Article I, Section 2, Clause 2:
No Person shall be a Representative who shall not have attained to the Age of twenty five Years, and been seven Years a Citizen of the United States, and who shall not, when elected, be an Inhabitant of that State in which he shall be chosen.
Writing in The Federalist with reference to the election of Members of Congress, Hamilton firmly stated that
[t]he qualifications of the persons who may . . . be chosen . . . are defined and fixed in the constitution; and are unalterable by the legislature. 1 Until the Civil War, the issue was not raised, the only actions taken by either House conforming to the idea that the qualifications for membership could not be enlarged by statute or practice. 2 But in the passions aroused by the fratricidal conflict, Congress enacted a law requiring its members to take an oath that they had never been disloyal to the National Government. 3 Several persons were refused seats by both Houses because of charges of disloyalty, 4 and thereafter House practice, and Senate practice as well, was erratic. 5 But in Powell v. McCormack, 6 it was conclusively established that the qualifications listed in clause 2 are exclusive 7 and that Congress could not add to them by excluding Members-elect not meeting the additional qualifications. 8
Powell was excluded from the 90th Congress on grounds that he had asserted an unwarranted privilege and immunity from the process of a state court, that he had wrongfully diverted House funds for his own uses, and that he had made false reports on the expenditures of foreign currency. 9 The Court determination that he had been wrongfully excluded proceeded in the main from the Court's analysis of historical developments, the Convention debates, and textual considerations. This process led the Court to conclude that Congress’s power under Article I, § 5 to judge the qualifications of its Members was limited to ascertaining the presence or absence of the standing qualifications prescribed in Article I, § 2, cl. 2, and perhaps in other express provisions of the Constitution. 10 The conclusion followed because the English parliamentary practice and the colonial legislative practice at the time of the drafting of the Constitution, after some earlier deviations, had settled into a policy that exclusion was a power exercisable only when the Member-elect failed to meet a standing qualification, 11 because in the Constitutional Convention the Framers had defeated provisions allowing Congress by statute either to create property qualifications or to create additional qualifications without limitation, 12 and because both Hamilton and Madison in the Federalist Papers and Hamilton in the New York ratifying convention had strongly urged that the Constitution prescribed exclusive qualifications for Members of Congress. 13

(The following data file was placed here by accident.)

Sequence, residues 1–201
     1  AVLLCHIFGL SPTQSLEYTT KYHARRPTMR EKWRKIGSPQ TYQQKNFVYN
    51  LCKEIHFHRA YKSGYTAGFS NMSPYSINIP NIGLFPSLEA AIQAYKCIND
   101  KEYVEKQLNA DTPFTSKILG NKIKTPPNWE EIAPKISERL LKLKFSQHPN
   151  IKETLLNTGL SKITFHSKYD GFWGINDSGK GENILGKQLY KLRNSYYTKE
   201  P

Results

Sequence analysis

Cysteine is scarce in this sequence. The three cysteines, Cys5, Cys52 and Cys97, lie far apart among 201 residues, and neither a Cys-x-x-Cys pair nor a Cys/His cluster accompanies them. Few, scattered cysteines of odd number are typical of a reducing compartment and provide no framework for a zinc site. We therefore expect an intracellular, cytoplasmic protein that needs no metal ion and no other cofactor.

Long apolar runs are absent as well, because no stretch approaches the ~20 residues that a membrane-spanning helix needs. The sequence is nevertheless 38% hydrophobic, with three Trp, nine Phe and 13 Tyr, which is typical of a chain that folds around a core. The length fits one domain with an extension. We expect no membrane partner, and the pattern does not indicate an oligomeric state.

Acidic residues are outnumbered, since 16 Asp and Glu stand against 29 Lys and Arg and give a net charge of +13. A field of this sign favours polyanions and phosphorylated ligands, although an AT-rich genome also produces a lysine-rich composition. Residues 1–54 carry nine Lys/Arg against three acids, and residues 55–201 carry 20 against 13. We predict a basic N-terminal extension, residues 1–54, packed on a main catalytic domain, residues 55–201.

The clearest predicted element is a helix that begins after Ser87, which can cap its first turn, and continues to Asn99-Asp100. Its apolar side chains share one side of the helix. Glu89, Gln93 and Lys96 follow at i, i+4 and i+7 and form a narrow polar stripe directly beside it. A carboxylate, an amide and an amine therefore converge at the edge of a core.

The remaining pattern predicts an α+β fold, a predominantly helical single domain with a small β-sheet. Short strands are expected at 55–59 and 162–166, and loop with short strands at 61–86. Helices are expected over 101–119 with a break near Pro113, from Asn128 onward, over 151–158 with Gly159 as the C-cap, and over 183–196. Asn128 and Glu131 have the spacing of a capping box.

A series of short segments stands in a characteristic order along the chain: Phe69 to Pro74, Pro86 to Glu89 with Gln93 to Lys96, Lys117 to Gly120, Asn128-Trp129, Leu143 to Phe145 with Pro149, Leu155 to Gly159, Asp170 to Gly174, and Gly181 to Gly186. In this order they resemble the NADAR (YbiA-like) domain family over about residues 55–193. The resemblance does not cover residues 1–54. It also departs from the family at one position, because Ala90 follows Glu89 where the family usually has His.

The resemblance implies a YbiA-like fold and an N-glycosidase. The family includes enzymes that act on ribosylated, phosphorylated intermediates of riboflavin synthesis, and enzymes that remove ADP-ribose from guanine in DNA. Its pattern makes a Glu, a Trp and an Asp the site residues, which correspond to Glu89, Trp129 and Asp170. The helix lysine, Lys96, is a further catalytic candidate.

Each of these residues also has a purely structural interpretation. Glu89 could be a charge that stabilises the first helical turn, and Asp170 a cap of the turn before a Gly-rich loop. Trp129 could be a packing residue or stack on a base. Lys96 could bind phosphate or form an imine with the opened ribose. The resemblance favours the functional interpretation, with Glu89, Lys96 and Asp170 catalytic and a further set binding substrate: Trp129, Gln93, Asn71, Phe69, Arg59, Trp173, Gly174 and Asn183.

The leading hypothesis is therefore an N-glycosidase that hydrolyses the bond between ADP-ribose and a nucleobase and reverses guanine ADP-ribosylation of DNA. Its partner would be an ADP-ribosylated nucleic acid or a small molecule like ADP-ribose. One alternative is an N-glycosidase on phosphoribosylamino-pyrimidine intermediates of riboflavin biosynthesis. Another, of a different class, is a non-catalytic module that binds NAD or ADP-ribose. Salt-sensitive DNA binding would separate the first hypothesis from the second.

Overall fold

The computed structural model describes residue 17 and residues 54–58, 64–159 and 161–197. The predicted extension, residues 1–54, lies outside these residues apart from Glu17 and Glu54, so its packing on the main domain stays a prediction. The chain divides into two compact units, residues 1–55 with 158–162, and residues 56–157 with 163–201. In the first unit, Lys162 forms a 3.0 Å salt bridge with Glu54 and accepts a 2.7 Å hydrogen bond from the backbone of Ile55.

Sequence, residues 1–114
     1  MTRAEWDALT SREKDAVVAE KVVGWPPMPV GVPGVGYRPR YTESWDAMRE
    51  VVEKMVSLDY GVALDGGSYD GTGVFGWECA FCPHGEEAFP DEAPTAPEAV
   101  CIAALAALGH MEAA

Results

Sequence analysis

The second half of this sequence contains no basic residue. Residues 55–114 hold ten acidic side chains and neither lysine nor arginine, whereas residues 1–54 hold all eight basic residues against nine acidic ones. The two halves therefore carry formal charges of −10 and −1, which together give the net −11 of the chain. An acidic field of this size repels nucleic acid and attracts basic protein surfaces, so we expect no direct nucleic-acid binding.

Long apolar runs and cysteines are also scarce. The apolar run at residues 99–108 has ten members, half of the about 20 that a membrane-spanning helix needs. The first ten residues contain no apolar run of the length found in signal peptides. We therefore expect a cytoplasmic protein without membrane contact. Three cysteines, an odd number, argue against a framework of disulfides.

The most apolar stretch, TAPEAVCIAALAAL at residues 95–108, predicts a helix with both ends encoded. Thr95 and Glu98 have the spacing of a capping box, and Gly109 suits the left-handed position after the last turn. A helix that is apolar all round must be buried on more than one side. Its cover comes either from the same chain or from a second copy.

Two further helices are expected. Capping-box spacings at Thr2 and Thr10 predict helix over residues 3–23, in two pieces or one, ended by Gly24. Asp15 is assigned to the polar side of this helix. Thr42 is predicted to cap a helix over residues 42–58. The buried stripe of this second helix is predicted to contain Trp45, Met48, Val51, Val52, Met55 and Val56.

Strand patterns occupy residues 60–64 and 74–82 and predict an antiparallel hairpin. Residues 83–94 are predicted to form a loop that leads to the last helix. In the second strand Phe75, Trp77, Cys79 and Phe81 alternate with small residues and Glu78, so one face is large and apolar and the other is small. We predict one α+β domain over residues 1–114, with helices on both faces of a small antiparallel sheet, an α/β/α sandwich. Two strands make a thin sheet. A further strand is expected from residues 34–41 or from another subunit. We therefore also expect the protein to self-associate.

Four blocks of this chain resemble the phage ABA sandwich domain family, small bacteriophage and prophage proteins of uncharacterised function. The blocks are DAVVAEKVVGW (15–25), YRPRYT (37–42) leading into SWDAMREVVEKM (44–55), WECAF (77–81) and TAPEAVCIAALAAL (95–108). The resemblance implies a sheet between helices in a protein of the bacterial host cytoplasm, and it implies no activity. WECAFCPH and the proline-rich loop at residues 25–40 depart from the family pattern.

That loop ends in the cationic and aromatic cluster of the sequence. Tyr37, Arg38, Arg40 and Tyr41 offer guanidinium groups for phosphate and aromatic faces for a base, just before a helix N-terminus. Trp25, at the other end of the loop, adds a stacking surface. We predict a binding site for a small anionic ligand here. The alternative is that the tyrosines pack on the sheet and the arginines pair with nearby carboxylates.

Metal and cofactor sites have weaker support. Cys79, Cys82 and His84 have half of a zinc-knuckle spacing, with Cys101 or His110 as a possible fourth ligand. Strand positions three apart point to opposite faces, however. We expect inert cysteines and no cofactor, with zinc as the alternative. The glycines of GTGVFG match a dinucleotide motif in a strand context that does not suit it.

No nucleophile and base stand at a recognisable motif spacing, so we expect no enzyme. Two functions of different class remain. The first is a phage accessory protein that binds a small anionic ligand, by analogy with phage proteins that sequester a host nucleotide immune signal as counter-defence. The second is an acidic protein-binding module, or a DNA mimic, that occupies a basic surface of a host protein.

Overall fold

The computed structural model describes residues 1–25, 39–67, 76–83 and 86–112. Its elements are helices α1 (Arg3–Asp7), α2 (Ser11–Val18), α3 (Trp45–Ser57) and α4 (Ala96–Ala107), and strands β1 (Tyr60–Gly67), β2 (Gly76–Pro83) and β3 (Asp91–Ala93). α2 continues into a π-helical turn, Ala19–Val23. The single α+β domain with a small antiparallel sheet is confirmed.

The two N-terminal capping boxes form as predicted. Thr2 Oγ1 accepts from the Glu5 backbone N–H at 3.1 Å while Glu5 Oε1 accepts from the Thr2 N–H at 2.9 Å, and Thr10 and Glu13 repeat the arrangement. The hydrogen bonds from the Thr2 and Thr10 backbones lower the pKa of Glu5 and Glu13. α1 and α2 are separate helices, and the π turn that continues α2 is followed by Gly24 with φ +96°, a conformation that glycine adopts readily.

Further, the Court observed that the early practice of Congress, with many of the Framers serving, was consistently limited to the view that exclusion could be exercised only with regard to a Member-elect failing to meet a qualification expressly prescribed in the Constitution. Not until the Civil War did contrary precedents appear, and later practice was mixed. 14 Finally, even were the intent of the Framers less clear, said the Court, it would still be compelled to interpret the power to exclude narrowly.
A fundamental principle of our representative democracy is, in Hamilton's words, ‘that the people should choose whom they please to govern them.’ 2 Elliot's Debates 257. As Madison pointed out at the Convention, this principle is undermined as much by limiting whom the people can select as by limiting the franchise itself. In apparent agreement with this basic philosophy, the Convention adopted his suggestion limiting the power to expel. To allow essentially that same power to be exercised under the guise of judging qualifications, would be to ignore Madison's warning, borne out in the Wilkes case and some of Congress’s own post-Civil War exclusion cases, against ‘vesting an improper and dangerous power in the Legislature.’ 2 Farrand 249. 15 Thus, the Court appears to say, to allow the House to exclude Powell on this basis of qualifications of its own choosing would impinge on the interests of his constituents in effective participation in the electoral process, an interest which could be protected by a narrow interpretation of Congressional power. 16
The result in Powell had been foreshadowed when the Court held that the exclusion of a Member-elect by a state legislature because of objections he had uttered to certain national policies constituted a violation of the First Amendment and was void. 17 In the course of that decision, the Court denied state legislators the power to look behind the willingness of any legislator to take the oath to support the Constitution of the United States, prescribed by Article VI, cl. 3, to test his sincerity in taking it. 18 The unanimous Court noted the views of Madison and Hamilton on the exclusivity of the qualifications set out in the Constitution and alluded to Madison's view that the unfettered discretion of the legislative branch to exclude members could be abused in behalf of political, religious or other orthodoxies. 19 The First Amendment holding and the holding with regard to testing the sincerity with which the oath of office is taken is no doubt as applicable to the United States Congress as to state legislatures.